QAfter going to college and starting my career in my hometown, I'm going to be relocating to take a new position. What steps should I take to make this a smooth transition?

ARecreate some familiarity and be open to new opportunities and experiences.

The inner game

Take stock of your frame of mind. Nervous? Excited? All of the above? Recognize that it's natural to have a wide range of emotions, and seek to embed them in an underlying calm so that your feelings don't get the better of you. Then spend some time thinking about where you've been, and what's ahead.

Reflect back on your life in your hometown, considering the aspects you'd like to re-create, and aspects where you'd like a change. In particular, think about three key areas: home, activities and people.

Think about the type of neighborhood you'd like to live in -- it may be similar to your past or your chance to try something new. Weigh the factors that are most important to you in terms of community and amenities, such as parks, restaurants, church, nightlife, quiet, schools, etc., to establish your vision for an ideal new home. Consider any differences in cost of living that may affect your choice.

Also consider the activities that you like to do outside of work. Maintaining sports or other hobbies in your new home will help you adapt quickly and, depending on the activity, will help you create a new circle of friends and acquaintances.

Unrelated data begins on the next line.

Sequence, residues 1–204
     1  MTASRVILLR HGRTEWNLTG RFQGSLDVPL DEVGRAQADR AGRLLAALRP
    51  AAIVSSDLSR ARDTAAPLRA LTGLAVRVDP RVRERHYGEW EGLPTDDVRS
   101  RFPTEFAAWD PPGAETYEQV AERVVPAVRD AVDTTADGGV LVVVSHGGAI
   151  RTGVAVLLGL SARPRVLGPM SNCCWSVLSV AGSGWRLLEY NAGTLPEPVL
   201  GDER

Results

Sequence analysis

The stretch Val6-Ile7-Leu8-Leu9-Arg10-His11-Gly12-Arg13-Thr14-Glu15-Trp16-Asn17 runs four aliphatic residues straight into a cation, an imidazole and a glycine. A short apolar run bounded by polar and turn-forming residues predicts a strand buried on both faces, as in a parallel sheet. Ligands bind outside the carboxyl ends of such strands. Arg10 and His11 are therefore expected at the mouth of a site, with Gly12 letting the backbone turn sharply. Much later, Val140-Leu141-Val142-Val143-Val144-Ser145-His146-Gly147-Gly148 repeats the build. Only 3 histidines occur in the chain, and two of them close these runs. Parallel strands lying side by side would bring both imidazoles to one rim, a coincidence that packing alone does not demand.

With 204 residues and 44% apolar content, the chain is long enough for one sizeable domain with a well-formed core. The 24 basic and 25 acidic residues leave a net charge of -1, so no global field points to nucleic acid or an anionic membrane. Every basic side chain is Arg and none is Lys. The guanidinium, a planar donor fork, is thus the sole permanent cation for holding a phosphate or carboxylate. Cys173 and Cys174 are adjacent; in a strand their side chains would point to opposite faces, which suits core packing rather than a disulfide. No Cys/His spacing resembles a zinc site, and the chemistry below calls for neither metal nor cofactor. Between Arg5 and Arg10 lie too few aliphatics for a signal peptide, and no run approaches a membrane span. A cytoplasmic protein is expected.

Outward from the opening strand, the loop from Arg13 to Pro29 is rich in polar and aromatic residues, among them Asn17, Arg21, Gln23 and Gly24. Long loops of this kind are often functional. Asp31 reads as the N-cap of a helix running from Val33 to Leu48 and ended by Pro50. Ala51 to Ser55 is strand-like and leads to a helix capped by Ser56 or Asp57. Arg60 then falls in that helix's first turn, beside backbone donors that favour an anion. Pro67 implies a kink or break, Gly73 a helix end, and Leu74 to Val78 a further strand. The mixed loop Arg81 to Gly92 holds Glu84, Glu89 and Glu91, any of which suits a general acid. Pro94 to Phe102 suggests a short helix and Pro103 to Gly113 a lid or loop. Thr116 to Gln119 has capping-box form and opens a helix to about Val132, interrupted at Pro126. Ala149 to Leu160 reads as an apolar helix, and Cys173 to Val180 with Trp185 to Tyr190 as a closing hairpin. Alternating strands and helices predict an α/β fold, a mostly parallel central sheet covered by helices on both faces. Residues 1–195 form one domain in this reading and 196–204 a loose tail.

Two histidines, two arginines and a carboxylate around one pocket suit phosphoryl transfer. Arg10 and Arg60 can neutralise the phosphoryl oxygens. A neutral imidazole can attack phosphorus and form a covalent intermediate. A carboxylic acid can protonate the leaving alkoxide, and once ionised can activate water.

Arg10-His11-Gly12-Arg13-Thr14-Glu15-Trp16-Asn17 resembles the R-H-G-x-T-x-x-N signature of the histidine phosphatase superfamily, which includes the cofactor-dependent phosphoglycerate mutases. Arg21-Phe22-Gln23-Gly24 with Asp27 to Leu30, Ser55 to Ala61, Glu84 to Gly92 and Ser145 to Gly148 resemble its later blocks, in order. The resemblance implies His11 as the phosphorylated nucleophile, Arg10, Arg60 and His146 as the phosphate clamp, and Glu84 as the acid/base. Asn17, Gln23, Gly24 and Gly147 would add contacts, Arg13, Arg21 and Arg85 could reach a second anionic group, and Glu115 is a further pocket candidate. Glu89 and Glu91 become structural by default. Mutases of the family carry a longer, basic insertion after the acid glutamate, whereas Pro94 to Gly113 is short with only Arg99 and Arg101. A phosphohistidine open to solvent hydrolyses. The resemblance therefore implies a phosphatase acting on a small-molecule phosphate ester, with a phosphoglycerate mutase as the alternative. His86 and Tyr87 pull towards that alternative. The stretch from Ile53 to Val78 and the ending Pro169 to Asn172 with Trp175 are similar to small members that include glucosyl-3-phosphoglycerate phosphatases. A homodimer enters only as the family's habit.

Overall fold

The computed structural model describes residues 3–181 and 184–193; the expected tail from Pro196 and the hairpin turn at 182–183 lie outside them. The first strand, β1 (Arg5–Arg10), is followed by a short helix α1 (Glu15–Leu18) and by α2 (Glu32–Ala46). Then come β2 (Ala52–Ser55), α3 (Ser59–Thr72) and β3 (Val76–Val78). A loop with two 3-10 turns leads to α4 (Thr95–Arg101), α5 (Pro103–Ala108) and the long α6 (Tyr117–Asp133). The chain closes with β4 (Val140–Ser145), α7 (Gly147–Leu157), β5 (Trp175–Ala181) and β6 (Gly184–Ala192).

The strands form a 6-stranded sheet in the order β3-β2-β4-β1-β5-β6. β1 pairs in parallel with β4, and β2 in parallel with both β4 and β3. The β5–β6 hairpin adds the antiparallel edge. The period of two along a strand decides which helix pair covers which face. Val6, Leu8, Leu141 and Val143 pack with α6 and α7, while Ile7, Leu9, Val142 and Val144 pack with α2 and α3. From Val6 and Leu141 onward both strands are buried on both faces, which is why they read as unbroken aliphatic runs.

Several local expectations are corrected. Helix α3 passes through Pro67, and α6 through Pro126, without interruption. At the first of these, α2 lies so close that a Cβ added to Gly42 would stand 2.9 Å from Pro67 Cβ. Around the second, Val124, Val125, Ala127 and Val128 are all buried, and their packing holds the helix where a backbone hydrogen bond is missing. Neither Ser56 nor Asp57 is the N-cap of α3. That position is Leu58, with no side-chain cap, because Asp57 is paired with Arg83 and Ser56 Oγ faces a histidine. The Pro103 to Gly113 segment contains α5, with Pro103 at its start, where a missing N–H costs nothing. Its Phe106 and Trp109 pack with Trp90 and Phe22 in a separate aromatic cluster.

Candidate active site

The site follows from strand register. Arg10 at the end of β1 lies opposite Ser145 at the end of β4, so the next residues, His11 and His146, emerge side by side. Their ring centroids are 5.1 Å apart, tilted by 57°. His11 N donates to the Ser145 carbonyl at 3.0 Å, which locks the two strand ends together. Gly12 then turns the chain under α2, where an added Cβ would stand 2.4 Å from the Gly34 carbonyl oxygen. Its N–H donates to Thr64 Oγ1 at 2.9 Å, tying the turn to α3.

Connecting with people is the other key area. If you're close to your family, consider ways to maintain this connection despite the distance. Also know your goals for making new friends. Some people prefer a few close friends, while others like a large circle. Be clear on what will make you happiest as you make your new start.

The outer game

Start with some research. Use social networking to find people who can provide some insights on your new town. Draw on professional networks as well, and tap into college alumni groups. Look for information related to key interests: for example, running newsletters or arts publications. These can also be a source for people to talk to. Remember, people are flattered to be asked for their opinions, and most are happy to help. Then visit. See your options for yourself so that you can assess what feels right, especially for finding a place to live.

Once you've moved, keep active. Engage in activities that you enjoy, and push yourself to build in some opportunities outside of work for social connection. No matter your interests, you'll likely to be able to find volunteer opportunities. Or choose an activity that is usually more solo for you, such as biking, and try riding with a local group. Try Meetup groups, or events for newcomers to the area.

Connect with co-workers too, particularly if there are others who are also new to the area or have similar interests. And stay connected with family and old friends; that'll help you feel anchored.

The last word

Stay upbeat and enjoy the new opportunities as you create a successful new environment for yourself.

What challenges do you face at work? Send your questions to Liz Reyer, a credentialed coach and president of Reyer Coaching & Consulting in Eagan. She can be reached at